Education

I Was Almost a Victim of the Student-to-Prison-Pipeline

Why are schools so eager to adopt police roles and assist in the creeping (and creepy) militarization of U.S. institutions?

Photo Credit: Shutterstock.com/sakhorn

The school-to-prison-pipeline is an epidemic that is plaguing the nation, making a visit to the principal’s office or a lonesome time-out outside of your classroom a thing of the past. What we have here is a war not only on students, but a war on kids, where essentially nonviolent behavior (like the two students who were arrested for pouring milk on each other during a break-up) is being criminalized in a remarkably horrific pattern. What’s worse is that schools are not only allowing this criminalization, but they are actually assisting it.

Today the evolving police state and its worker bees are finding themselves rather comfortable roaming school hallways, ‘visiting’ classrooms and relaxing in school offices. In the past year, students have been arrested for burping in class, improperly conducting science experiments, or throwing water balloons. When students aren’t arrested police are actively (and aggressively) making their presence known by conducting spontaneous drug searches, interrogations and guarding school entrances and principals’ offices.

In light of this booming trend, I couldn’t help but be reminded of my own case of student criminalization two years ago during my senior year in high school. To my surprise, I was pulled out of my pre-calculus class and escorted to my vice principal’s office where I was greeted by a uniformed and armed police officer, otherwise known as my high school’s School Resource Officer (SRO). The SRO closed the door behind me, sat me down and said, “It’s come to my attention that you have written a story about graffiti. Would you like to help me do my job today?”

I was totally bewildered.

Before I could answer him he went on to explain that he was referring to an article I had written for my high school’s newspaper titled “Art or Vandalism?” where I discussed the illegal and creative qualities of graffiti in the city of Davis, CA. He began by insisting that I help him by disclosing the names of two graffiti artists quoted in my article.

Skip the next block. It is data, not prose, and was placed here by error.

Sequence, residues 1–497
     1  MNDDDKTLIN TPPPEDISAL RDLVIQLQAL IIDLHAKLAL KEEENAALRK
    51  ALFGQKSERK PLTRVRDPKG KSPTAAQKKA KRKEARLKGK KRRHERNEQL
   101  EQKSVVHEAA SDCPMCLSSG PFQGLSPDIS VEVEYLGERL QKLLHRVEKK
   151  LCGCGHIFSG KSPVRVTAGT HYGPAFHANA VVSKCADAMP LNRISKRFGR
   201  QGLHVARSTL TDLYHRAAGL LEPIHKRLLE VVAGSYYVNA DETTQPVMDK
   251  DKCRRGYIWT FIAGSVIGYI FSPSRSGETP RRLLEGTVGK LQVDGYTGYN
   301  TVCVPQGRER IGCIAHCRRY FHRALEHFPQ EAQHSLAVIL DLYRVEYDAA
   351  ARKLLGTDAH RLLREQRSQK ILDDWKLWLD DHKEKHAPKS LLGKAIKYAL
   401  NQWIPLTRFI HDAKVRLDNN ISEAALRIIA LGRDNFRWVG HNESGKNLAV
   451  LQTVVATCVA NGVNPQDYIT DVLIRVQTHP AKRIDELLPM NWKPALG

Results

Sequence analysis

At first I thought this was a joke, but the potential humor slowly dissolved as I was going nowhere fast.

“Tell me their names. If you don’t cooperate there will be serious consequences,” he said.

But I told him I wouldn’t help him.

“I promised I wouldn’t give their names away, I gave my word to them,” I said.

At first he was surprised by my response. And then he got mad. He then told me, in an absurdly aggressive voice, that my article was not “real” journalism. Therefore, he said, it was my “duty and obligation” to reveal the identities, and that if I refused to do so, I would be taken to court, found guilty and charged with a felony.

At this point I was still confused. I thought back to the numerous articles I had read online about graffiti and wondered if those reporters had been jailed, too. I thought, “Why would my newspaper adviser let me write about graffiti if she knew I would be prosecuted?” and “What does he mean my reporting wasn’t ‘real’ journalism?” Though I knew I had not committed any crime by reporting on an illegal activity, I grew increasingly annoyed since I knew I hadn’t done anything wrong. Yet here I was sitting in a room with an armed police officer hovering over me telling me that regardless if I decided to help him, the artists and myself would “without a doubt be put in prison.”

At the same time, my vice principal and school hall monitors crowded around me echoing the SRO’s demands, telling me to “do the right thing” and to “get this over with.” Not once was I told I could remain silent, leave the room or contact my parents or a lawyer.

Still, I continued to tell the SRO that I would not give him the names. He continued to tell me that wasn’t an option, and that he’d hold me here until he got what he needed. So I sat there with the SRO walking around me and my school officials looking at me like I was a fool. But as time wore on, and nothing changed, I began to feel at a loss. I suddenly became scared I would be put in jail. I was suddenly confused about my role as a journalist. And as the clock ticked past the hour mark, my confidence plummeted and I became tired.

In these moments of exhaustion and fear I told the officer I only knew the pseudonyms of the artists, but that I could give him the name of a documentary film student who had helped me get in contact with them.